Family Law

DBB Law Successfully Argues Against Extension of Appeal Deadline at Alberta Court of Appeal

December 12, 2022

Calendar representing opposition of appeal deadline in a family law case

This fall, Alicia McLelland, Zachary Carson, and Kennedy Morrow of the family law group at DBB Law successfully opposed an application to extend time for filing a notice of appeal. The application, which was heard by the Alberta Court of Appeal, was brought by a very difficult opposing party who sought to appeal a Case Management Order. The Order directed disclosure of information regarding a military pension and was part of long and arduous family law litigation involving child support and the division of property.

As the opposing party filed their appeal late, they were required to bring an application before the Court of Appeal seeking an extension of time to file materials. In addition to successfully opposing this application, DBB Law obtained an award of costs against the applicant.

Cairns Principles Guide Alberta Court of Appeal in Extending Time for Appeals

In Alberta, applications to extend time to file a notice of appeal are governed by the principles set out in the Alberta Court of Appeal’s 1931 decision in Cairns v. Cairns (“Cairns”). These principles, which the Court of Appeal most recently restated in Macdonald v. King, are as follows:

  1. The applicant must have held a bona fide intention to appeal while the right to appeal existed;
  2. There must be an explanation for the failure to appeal in time that excuses or justifies the lateness of the appeal;
  3. There must not be any serious prejudice to the responding party if the judgment appealed is disturbed (it must not be “unjust” to disturb the judgment);
  4. The applicant must not have taken the benefits of the judgment under appeal; and
  5. The applicant must have a reasonable chance of success in their appeal – i.e., there must be a “reasonably arguable” appeal.

Although these factors guide the Court in exercising its discretion to extend the time to file the appeal, they are not considered rigid requirements. As noted by the Court of Appeal in the 2016 case of Murphy v. Haworth (“Murphy”), an applicant does not need to meet all components of the Cairns test. Instead, as stated in Cairns, the Court has the discretion “…to do what justice requires to be done between the parties having regard to the circumstances of each particular case”.

Appeal Deadlines Intended to Promote Finality in Family Law Litigation

The Cairns factors seek to prevent parties from arbitrarily prolonging litigation while recognizing that, in some cases, the interests of fairness and justice are served by extending the time to file an appeal. For example, in Murphy, the delay in filing was short and resulted from a “minor [procedural] misstep” by the applicant’s lawyer. Further, the delay caused no prejudice to the opposing party, and the applicant had given timely notice of their intention to appeal during the appeal period.

As noted in Murphy, the Court can also consider other factors, including whether the appeal in question would “settle the law” on a particular point or is only of particular interest to the parties to the case.

Overall, as emphasized by the Court of Appeal in Macdonald v. King, the time limits for appealing an order are deliberately kept short to “promote finality in litigation”, as the original successful party “is entitled to the fruits of the judgment under appeal”.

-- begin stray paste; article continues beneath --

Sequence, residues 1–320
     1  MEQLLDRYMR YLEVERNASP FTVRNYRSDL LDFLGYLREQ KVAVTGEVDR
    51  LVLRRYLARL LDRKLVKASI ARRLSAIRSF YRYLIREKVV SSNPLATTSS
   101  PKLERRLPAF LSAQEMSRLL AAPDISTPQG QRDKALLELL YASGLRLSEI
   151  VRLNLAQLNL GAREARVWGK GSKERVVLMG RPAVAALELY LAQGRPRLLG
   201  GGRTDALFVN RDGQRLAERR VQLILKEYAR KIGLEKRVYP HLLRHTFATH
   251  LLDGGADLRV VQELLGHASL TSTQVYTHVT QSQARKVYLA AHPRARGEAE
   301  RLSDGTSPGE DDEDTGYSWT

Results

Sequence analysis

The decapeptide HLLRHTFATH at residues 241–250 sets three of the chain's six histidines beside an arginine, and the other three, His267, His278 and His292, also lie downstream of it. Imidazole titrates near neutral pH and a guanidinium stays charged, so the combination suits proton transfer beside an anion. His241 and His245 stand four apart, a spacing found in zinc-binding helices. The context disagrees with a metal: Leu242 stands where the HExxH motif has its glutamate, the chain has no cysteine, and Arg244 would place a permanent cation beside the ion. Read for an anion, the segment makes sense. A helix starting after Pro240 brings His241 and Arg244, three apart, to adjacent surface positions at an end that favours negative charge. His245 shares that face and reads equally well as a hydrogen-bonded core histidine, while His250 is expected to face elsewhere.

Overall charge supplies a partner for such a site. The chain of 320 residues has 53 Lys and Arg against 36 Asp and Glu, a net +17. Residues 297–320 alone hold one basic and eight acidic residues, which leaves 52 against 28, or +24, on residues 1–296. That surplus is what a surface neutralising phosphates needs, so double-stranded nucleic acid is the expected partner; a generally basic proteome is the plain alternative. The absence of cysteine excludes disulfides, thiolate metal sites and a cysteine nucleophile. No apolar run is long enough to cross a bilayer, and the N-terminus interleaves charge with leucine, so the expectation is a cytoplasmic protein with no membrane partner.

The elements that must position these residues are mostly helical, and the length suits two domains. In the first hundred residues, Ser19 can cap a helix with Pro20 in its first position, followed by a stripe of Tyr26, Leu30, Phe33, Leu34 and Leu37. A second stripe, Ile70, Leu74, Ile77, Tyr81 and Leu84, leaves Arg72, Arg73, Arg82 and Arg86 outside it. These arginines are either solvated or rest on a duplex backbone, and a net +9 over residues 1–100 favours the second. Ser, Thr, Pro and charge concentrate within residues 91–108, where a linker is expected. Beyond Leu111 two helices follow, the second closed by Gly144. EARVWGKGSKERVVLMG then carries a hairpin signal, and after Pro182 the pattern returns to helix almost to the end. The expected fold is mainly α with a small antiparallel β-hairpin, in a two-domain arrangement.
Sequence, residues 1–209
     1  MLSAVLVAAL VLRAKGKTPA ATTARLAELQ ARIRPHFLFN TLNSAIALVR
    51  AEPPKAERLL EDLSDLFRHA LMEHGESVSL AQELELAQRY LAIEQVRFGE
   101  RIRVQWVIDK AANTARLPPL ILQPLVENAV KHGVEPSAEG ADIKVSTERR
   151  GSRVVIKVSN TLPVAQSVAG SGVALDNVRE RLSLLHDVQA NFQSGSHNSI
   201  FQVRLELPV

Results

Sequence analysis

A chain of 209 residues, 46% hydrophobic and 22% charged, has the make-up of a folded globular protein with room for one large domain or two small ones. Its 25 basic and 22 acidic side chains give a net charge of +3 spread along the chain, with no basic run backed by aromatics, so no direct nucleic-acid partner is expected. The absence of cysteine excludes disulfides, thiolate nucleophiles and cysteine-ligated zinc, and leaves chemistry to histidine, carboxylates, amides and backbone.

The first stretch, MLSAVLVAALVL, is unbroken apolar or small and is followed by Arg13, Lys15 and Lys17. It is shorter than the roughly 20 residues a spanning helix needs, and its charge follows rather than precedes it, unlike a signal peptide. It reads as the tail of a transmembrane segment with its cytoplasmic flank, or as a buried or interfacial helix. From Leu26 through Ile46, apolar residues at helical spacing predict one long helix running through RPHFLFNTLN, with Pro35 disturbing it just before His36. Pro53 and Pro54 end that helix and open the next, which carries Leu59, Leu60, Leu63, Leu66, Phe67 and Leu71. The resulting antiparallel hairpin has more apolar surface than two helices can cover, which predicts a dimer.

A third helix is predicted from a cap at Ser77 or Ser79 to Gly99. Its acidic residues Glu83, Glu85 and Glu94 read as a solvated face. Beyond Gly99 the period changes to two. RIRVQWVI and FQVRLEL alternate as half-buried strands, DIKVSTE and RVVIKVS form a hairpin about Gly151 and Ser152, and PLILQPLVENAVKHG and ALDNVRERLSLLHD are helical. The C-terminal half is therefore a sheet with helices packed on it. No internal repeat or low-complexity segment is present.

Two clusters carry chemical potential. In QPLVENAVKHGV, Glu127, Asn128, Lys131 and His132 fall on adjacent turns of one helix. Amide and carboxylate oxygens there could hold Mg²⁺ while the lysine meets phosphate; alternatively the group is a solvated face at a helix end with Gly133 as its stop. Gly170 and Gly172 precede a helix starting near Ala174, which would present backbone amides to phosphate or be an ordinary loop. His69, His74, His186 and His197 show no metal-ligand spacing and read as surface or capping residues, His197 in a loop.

No Factors in Favour of Extending Time to Appeal: ABCA

In DBB Law’s recent success opposing the application to extend time to appeal, Justice Kirker of the Alberta Court of Appeal (presiding alone) found that none of the Cairns factors favoured granting the application. Giving her reasons orally from the Bench, she dismissed the application and awarded costs against the applicant.

Family law litigation can be emotionally-charged and complex. Given the seriousness of the matters at issue in family disputes, parties should seek capable, knowledgeable legal counsel early in the process to understand their obligations and preserve their rights. DBB Law provides effective advocacy and comprehensive advice in all family matters, including separation, divorce, common-law relationships, parenting issues, pre- and post-nuptial agreements, cohabitation agreements, property division, mobility and relocation, adoption, surrogacy, and emergency protection orders.

DBB Law: Providing Skilled Representation in Family Law Litigation Throughout Alberta

Based in Calgary, DBB Law has one of the largest and most reputable family law practices in Western Canada. Our talented family and divorce lawyers support clients throughout their cases and provide creative, personalized solutions to family disputes while reducing discord and conflict as much as possible.

DBB Law proudly provides top-tier legal services throughout the great province of Alberta. In addition to our leading family law practice, we also represent clients in a broad range of other practice areas, including business and commercial law, civil litigation, construction law, labour and employment law, real estate and property law, tax law, and wills, estates and trusts. DBB Law also offers exceptional and well-respective mediation/arbitration services, as well as collaborative law services. To discuss your case or schedule a confidential consultation, please contact us online or by phone at 403-265-7777.

Blogs/Firm News

Employment & Labour Law

February 2, 2023

A Recession is Coming: Know your Employment Rights

Family Law

January 26, 2023

SCC Provides Guidance on the "Serious Harm" Threshold for Child Abduction Cases

Firm News

January 23, 2023

DBB Law Welcomes Three New Partners